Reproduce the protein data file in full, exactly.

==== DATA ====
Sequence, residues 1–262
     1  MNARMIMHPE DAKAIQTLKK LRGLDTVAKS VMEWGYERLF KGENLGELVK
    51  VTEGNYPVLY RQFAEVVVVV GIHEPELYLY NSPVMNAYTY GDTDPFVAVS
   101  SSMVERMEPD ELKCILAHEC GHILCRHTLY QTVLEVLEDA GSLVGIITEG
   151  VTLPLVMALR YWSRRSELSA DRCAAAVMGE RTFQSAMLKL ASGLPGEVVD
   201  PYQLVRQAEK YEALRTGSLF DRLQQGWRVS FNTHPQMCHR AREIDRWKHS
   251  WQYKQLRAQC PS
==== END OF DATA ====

Sequence, residues 1–262
     1  MNARMIMHPE DAKAIQTLKK LRGLDTVAKS VMEWGYERLF KGENLGELVK
    51  VTEGNYPVLY RQFAEVVVVV GIHEPELYLY NSPVMNAYTY GDTDPFVAVS
   101  SSMVERMEPD ELKCILAHEC GHILCRHTLY QTVLEVLEDA GSLVGIITEG
   151  VTLPLVMALR YWSRRSELSA DRCAAAVMGE RTFQSAMLKL ASGLPGEVVD
   201  PYQLVRQAEK YEALRTGSLF DRLQQGWRVS FNTHPQMCHR AREIDRWKHS
   251  WQYKQLRAQC PS